Tracie's not one to complain about the drudgery involved in getting the story. But we happen to know she's been in court for hours every day of those six weeks along with AP reporter Mark Scolforo and Trib reporter Brad Bumsted, who she said is there about 75 percent of the time.
Often, she files a breaking story midday and a full story for the paper. Beyond that, Tracie, the PG's Twitter trailblazer, has been tweeting from inside the courtroom at an astonishing rate. She tweeted a dizzying 100 times a day (95 percent from her laptop ... she's hoping to get a Droid soon) when the trial started and said, "I was getting messages from people saying tweet more. So I started doing more."
She cranked it up. For example, she filed 231 tweets yesterday and 120 tweets this morning alone, according to TwitterAnalyzer. She estimates that about half of her 7,646 tweets are related to the trial. She's at pgPoliTweets if you care to join the 1,315 folks following her every keystroke, including -- Capitol reporters say -- Attorney General Tom Corbett himself. Before Bonusgate, she had 1,006 followers. It's certainly one of the first major political trials covered this way -- if not the first, observers say.
She thinks she might have lost some PA government junkies who got bombarded with Bonusgate stuff, but now wonders how many Bonsgate followers will drop off after the verdict. Many followers have expressed gratitude, others, not so much.
Ironically, among the ranks of her followers are two people who backed a motion to have Tracie stop tweeting from inside the courtroom: the sister of Veon aide Annamarie-Perretta Rosepink, of Beaver Falls and also the wife of Rosepink's attorney. During jury selection, Tracie was tweeting about the jurors: like "she is a recently widowed food service worker" and "she's a Republican." Defense attorney Mike Palermo's wife called or text messaged him during jury selection -- having just seen Tracie's tweet -- and asked him, "Why aren’t you picking any Democrats?"
Tweet on, Tracie. Tweet on.
I used to say that all newsroom were the same -- same problems, same cast of characters with different names in each city room. I was wrong. The Post-Gazette is so different. Is it perfect? No. But most days it's pretty darn close.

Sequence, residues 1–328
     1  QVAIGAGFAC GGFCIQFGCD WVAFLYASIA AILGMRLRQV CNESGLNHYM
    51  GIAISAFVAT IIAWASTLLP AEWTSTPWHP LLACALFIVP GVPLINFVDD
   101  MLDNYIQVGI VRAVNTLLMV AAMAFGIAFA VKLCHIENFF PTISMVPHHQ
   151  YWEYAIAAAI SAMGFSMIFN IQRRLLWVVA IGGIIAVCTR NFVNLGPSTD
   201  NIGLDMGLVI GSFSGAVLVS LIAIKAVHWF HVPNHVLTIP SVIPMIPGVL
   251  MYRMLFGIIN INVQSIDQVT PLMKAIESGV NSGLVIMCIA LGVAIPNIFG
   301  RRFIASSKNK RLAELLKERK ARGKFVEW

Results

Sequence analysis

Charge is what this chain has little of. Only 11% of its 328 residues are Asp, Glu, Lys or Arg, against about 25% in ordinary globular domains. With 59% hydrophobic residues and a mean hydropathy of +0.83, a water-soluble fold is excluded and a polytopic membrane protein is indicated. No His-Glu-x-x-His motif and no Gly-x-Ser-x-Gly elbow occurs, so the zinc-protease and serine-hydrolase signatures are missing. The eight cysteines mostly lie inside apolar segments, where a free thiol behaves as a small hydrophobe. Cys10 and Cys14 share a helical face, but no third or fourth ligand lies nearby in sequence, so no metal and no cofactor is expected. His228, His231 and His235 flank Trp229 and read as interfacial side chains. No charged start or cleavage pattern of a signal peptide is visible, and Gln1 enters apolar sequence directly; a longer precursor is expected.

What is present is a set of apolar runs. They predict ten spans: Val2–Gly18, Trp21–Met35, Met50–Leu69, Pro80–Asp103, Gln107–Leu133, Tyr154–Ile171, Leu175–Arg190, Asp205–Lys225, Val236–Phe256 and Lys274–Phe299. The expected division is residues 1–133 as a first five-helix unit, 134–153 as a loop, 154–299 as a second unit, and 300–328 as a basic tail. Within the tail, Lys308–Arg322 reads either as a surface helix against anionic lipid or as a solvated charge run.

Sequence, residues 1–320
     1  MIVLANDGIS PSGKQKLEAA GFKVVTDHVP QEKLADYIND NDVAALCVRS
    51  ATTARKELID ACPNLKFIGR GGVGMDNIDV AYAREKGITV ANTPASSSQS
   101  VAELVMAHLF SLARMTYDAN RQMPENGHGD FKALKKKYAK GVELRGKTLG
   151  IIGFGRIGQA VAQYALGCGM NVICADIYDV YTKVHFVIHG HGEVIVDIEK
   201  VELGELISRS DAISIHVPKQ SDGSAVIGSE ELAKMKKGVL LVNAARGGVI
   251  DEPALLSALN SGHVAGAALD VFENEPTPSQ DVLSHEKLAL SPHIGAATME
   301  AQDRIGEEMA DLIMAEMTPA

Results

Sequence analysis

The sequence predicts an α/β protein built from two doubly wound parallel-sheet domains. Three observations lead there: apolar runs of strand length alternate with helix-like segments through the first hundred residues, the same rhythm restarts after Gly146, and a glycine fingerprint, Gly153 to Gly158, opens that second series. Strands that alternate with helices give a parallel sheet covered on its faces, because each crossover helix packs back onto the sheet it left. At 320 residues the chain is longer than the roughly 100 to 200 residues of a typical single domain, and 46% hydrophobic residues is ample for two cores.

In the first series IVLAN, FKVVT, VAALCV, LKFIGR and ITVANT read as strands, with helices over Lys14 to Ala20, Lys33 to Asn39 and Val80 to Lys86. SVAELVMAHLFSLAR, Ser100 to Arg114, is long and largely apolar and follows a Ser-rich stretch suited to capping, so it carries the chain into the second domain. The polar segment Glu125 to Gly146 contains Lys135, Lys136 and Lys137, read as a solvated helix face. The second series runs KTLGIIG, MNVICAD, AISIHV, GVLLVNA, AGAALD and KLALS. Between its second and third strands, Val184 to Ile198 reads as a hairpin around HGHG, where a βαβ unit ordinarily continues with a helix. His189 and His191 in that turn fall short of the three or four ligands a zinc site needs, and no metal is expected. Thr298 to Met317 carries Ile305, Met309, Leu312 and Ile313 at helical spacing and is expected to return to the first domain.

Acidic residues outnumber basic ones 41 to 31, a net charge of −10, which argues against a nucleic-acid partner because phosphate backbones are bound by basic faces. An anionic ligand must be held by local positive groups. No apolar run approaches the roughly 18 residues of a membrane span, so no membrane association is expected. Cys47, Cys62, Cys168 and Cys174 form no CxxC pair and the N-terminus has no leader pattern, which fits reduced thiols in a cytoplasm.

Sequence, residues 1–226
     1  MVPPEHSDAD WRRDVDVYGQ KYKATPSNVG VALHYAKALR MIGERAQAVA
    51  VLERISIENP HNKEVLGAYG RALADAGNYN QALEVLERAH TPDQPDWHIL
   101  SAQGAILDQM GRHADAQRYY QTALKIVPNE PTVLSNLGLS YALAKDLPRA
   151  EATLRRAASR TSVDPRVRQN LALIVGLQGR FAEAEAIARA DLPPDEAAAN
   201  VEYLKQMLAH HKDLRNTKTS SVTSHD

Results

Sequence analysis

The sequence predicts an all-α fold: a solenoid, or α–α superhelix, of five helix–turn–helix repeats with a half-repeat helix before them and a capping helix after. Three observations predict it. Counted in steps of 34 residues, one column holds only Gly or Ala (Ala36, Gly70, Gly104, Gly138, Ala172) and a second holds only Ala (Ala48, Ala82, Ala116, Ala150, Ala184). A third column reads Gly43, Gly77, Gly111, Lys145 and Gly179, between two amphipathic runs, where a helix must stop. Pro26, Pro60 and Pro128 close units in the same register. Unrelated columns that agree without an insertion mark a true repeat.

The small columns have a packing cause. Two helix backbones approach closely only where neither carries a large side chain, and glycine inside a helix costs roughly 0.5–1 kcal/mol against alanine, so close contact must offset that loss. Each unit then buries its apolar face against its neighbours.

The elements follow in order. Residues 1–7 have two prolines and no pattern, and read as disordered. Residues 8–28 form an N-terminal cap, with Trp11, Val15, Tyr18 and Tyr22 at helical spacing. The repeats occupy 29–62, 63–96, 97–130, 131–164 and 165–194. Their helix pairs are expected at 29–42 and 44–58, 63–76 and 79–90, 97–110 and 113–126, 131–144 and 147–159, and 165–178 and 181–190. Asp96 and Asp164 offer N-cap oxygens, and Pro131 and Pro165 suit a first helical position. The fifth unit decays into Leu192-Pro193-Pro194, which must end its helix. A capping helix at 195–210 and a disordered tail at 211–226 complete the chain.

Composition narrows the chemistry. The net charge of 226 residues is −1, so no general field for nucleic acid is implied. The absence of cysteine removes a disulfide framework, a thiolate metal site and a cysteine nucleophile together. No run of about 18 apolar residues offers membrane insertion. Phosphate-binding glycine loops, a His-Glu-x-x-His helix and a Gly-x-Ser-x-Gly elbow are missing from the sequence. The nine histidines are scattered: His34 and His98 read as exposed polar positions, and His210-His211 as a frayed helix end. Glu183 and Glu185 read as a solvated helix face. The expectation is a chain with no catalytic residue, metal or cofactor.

I don't like to bash previous employers -- and, honestly, there's little room for bashing because I've been treated well on my career path, but The Post-Gazette is different than any other place I've worked.
One place I worked was extremely competitive. Reporters fought for the best stories and the best play. It's good to do that to an extent. If you're not going to advocate for yourself, you may as well give up. But at this newsroom it was extreme. At the Post-Gazette, the attitude is different. Everyone wants to get the best work in the paper even if it is under someone else's byline. Co-workers have always been willing to help me without expecting anything in return.
Another place I worked beat me down at every turn. Any mistake I made I got hauled to "the blue room," which was a space with couches (blue ones), where we went to get bitched out for making factual errors. Now, I take a factual error as seriously as anyone I know. Errors of fact -- even over something small, such as using "avenue" instead of "street" -- affect overall credibility. There was nothing the editors at this paper could say that would make me try any harder or feel any worse than I already did about an error. Instead, it made me afraid to write. The less I wrote, the less chance there would be for an error. The Post-Gazette is not like this. Surely, editors take errors seriously, but they know and expect that reporters do, too. When we make a mistake, we fix it, figure out what caused it and move on. Editors take as much blame as reporters. The first time I had a correction in The Post-Gazette I expected some kind of admonishment. Instead, my editor actually apologized to me and said that HE should have caught the error. He took the blame. That seemed crazy to me. But at The Post-Gazette, we share responsibility and accountability -- both for successes and failures. We are a team.
So ... what inspired this entry? I messed up on Friday. I thought I had sent a breaking news story to our Web editors, but it turns out I'd never sent it. Of course, we got scooped by every other outlet. As soon as I realized it, I sent the story but we were behind everybody else on a story we should have owned. A few minutes later I got an e-mail message from my editor. It started "Hey Tracie -- I know you've been running around like crazy the last few weeks covering this trial ..." Well,I fully expected the next phrase to be "but you can't screw up and forget to send things to the Web." Instead it said "so if you want to take some time off that's fine."
For the last three years I have been covering a government corruption investigation in Pennsylvania. So far, 25 people have been arrested in the scheme, one was acquitted and some of them may go to jail.
I ran into one of the defendants recently and made some small talk. I complimented him on his finely tailored suit. He responded: "I gotta wear it while I can. I won't be able to wear it much longer."
I was stunned. Was he saying he expected to be wearing a prison jumpsuit soon? I didn't know how to respond. I don't know if he realized what I was thinking when he added, "Pretty soon it will be too warm for wool."